Feb 20, 2019 Last Updated 3:19 PM, Oct 3, 2017
Published in IGOTHIT.COM

We have probably all seen it before while traveling (or been a part of it); a driver cutting off numerous drivers, riding their bumpers, honking and screaming unheard obscenities as they speed pass you. Many people consider this to be “road rage”. However, this type of driving might be better defined as aggressive driving. There is a major difference between these two; aggressive driving is a traffic offense, while road rage is a criminal offense.

Defining Road Rage

Understanding and knowing the definition of road rage is important for many auto accident cases. The National Highway Traffic Safety Association (NHTSA) defines road rage as “an assault with a motor vehicle or other dangerous weapon by the operator of one motor vehicle on the operator or passenger(s) of another motor vehicle.”

The American Automobile Association (AAA) Foundation defines road rage as “violent anger caused by the stress and frustration involved in driving a motor vehicle — a motorist’s uncontrolled anger that is usually provoked by another motorist’s irritating act and is expressed in aggressive or violent behavior with an intention to cause physical harm.”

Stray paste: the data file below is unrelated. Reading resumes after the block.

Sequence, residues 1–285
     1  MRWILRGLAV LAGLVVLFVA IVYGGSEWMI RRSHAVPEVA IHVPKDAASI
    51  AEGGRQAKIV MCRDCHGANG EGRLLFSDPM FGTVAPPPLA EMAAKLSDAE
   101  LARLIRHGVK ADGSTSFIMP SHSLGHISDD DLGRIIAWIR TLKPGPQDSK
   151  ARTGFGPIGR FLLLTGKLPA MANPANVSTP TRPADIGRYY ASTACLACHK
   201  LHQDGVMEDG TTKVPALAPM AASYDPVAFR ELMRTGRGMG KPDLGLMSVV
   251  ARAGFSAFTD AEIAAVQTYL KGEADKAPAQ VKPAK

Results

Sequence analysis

Finally, the AAA states that the two most common causes of road rage are being in a hurry and traffic.

The Dangers of Road Rage and Aggressive Driving

Aggressive driving occurs when a motorist is traveling 15 mph over the speed limit, running a red light or stop sign, tailgating, erratic lane changing, and illegal passing. According to AAA’s 2013 survey, these actions are a factor in up to 56 percent of fatal crashes.

40% of drivers who get into accidents are either distracted, scared, or angered by other aggressive drivers. 52% of drivers surveyed feel that they have been “disrespected” one way or another while driving.

A few other statistics to consider: 

  • 50% of people who experience aggressive driving behavior respond in kind. The most common forms of response are:
    • Honking the horn (37%)
    • Yelling and complaining (27%)
    • Making an obscene gesture (19%)
    • Flashing the headlights (17%)
    • Begin driving aggressively (7%)
    • Attempt to run the other driver off the road (2%)
  • Guns have been involved in 37% of aggressive driving cases.
  • Out of 10,000 road-rage incidents committed over a seven-year span, there were 218 deaths and 12,610 injuries recorded.
  • Men make-up 54% of the aggressive drivers.
  • Young drivers from 18 to 24 drive two times more aggressively.
  • Drivers with children will usually respond in a like manner to other aggressive drivers,
  • Smartphone users are much more likely drive aggressively. 

When drivers explained why they became violent, the reasons were often minor ranging from someone braking suddenly or driving too slow to being cut off.

Avoiding Road Rage